Smoking Ban Now in Effect
Moore County restaurant and bar patrons snuffed out their cigarettes for the last time Friday because of a new statewide smoking ban.
The law, which took effect Saturday, prohibits smoking in most restaurants and bars -- aside from private clubs, "cigar bars" and designated smoking guest rooms of lodging establishments.
A couple of smokers at Mac's Breakfast Anytime in Southern Pines were fuming over the ban Thursday -- less than 48 hours before it started.
"It's disappointing that a tobacco state would clamp down on us and put this rule in place," said Cathy Dixon, who was sitting in her usual corner booth.
Dixon said she has been smoking since age 12 and has no plans to quit. She usually smokes two packs a day, and had smoked three cigarettes since sitting down for breakfast.
She said she finds smoking "relaxing and enjoyable," and even though she likes going to out to eat, she will spend more time at home now that the ban is in place. She hopes that restaurants will open "cigar bars" to accommodate smokers.
Donna Strother was also upset. She said people have a choice to stay away from smoking establishments if they want to.
"That's ridiculous," she said. "We're supposed to still be living in a democracy. Don't make the whole country stop smoking just because you don't want to be in that environment."
Though local restaurant and bar owners have no choice but to comply, they're still wary of the impact the ban could have on their businesses.
Dave Whitney owns the Mac's Breakfast Anytime chain. Five of his eight restaurants are in Moore County. He estimates 15 percent of his patrons smoke.
"There's a lot of mixed emotions on this," he said. "Of course, the 85 percent love the idea, but the 15 percent [who smoke] are very upset about it."
Whitney said he has heard some of his customers who smoke comment on feeling like "second-class citizens" for being forced to go outside to smoke. Others, though, are using the ban as an opportunity to quit smoking, he said.
From a business standpoint, Whitney said he remains concerned about the ban because he doesn't know how much it will impact his restaurants. While he and his staff have explained to smokers that the law is outside their control, some are taking their frustrations out on them, threatening not to come back.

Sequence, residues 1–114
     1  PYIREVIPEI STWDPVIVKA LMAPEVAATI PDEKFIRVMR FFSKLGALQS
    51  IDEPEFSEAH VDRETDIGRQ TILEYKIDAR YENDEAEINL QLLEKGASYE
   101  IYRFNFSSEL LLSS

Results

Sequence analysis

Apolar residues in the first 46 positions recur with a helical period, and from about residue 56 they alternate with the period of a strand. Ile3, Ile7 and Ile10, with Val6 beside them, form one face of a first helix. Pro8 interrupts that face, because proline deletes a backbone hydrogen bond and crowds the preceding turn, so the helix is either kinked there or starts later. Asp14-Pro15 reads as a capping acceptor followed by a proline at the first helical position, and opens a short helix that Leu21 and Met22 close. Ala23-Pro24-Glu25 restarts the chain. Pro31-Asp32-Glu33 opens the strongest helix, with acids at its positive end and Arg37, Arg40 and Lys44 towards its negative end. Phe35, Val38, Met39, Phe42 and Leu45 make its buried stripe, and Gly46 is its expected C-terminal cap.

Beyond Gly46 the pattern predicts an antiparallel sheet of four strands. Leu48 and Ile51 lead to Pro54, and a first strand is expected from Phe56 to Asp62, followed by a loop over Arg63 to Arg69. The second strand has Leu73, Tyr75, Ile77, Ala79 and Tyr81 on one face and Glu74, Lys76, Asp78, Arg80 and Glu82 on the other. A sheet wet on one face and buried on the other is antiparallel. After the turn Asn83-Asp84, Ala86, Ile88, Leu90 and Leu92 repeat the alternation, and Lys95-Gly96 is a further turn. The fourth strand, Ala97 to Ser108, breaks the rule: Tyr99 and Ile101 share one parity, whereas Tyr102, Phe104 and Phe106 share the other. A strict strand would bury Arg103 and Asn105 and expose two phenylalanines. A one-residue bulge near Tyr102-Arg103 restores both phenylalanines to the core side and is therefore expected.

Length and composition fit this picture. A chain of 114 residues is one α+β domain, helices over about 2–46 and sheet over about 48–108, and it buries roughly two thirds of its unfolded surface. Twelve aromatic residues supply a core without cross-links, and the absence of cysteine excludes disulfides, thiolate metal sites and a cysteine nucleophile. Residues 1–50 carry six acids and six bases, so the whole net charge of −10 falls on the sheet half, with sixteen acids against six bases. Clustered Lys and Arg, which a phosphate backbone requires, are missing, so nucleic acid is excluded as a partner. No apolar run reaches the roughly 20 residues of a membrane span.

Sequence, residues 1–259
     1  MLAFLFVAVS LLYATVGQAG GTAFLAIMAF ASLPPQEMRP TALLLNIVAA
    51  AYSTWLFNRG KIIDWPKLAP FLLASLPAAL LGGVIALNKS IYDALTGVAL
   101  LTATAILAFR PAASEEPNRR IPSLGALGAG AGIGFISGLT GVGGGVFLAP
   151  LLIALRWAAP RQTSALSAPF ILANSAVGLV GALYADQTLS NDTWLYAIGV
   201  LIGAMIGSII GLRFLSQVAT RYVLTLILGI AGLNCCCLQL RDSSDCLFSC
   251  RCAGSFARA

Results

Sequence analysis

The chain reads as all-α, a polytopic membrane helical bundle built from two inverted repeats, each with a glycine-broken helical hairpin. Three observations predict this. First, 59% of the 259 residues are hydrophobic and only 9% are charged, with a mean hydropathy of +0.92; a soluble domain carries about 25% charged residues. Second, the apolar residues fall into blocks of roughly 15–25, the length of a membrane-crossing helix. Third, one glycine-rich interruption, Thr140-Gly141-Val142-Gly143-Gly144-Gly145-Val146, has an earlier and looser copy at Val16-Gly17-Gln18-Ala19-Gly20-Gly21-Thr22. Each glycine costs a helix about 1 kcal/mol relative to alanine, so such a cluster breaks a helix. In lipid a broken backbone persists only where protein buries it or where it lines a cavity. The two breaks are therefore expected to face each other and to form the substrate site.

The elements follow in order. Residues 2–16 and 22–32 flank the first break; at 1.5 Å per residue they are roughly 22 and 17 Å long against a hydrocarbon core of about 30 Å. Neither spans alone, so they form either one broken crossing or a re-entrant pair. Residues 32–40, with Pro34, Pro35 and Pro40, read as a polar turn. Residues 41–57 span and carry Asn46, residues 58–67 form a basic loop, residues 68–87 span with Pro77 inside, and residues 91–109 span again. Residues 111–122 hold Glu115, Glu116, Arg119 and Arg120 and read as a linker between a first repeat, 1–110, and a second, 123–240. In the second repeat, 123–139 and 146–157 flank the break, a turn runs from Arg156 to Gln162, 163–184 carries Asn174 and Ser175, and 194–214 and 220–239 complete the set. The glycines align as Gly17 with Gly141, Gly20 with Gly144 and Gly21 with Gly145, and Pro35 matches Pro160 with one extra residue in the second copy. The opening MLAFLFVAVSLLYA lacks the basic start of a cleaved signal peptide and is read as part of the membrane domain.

"That could hurt us," he said, "especially in the economy we're in now, where you're fighting for every dime."
Whitney said preparing for the ban involves far more than just picking up ashtrays and putting up "no smoking" signs. He said he will spend $500 to $1,000 per location to replace ceiling tiles and clean walls and floors in the old smoking areas.
Doris Beamer, of Neville's, a Southern Pines bar, said she is also worried. She said she hears complaints from regulars "about every 10 minutes" but concedes that there's nothing they can do about it.
"Yeah, we're very concerned," she said. "We have a mixed bag [of customers], but we have enough of a crowd that gets off from work and enjoys having a beer and a cigarette."
State Rep. Jamie Boles, of Southern Pines, said he empathizes with the business owners. He opposed the legislation when it made its way through the legislature and still considers it an affront to property rights.
"A person should be able to operate their own business without the government telling them how," he said, adding that customers have the right to pick and choose where they want to spend their money and don't have to visit establishments that allow smoking.
Boles said he thinks the bars and restaurants can adapt to the law but feels the government has stripped another right away.
Smokers and proprietors could face fines if they don't comply. The law says a person who continues to smoke in a nonsmoking area after a warning may be fined up to $50. Business owners who ignore the ban could be hit with fines up to $200 for each infraction after two violations.
Local health departments are charged with enforcing the new law. Moore County Health Director Robert Wittmann said the ban will be enforced like any other law his department is responsible for handling.
"It's done through education and self-compliance," he said. "There will be a long period of education of the public. I think that will take care of itself and there will be no need for legal enforcement."
The county's environmental health director, Terry McNeill, said restaurant and bar owners have been informed about the new law during routine inspections. He said the Health Department will rely on business owners and customers to regulate themselves. He said he doesn't foresee widespread noncompliance becoming an issue.
"It's not going to be a big problem for Moore County," he said.
Wittmann said he hasn't heard any complaints about the law personally. Like Boles, he expected that businesses could adjust to the new regulations. He noted that many establishments have already gone smoke-free on their own.
As far as the utility of the law, he said: "Strictly from a public health standpoint, the less second-hand smoke people are breathing, the better."
Contact John Krahnert III at (910) 693-2473 or by e-mail at firstname.lastname@example.org. Newsroom intern Hannah Sharpe contributed to this story.
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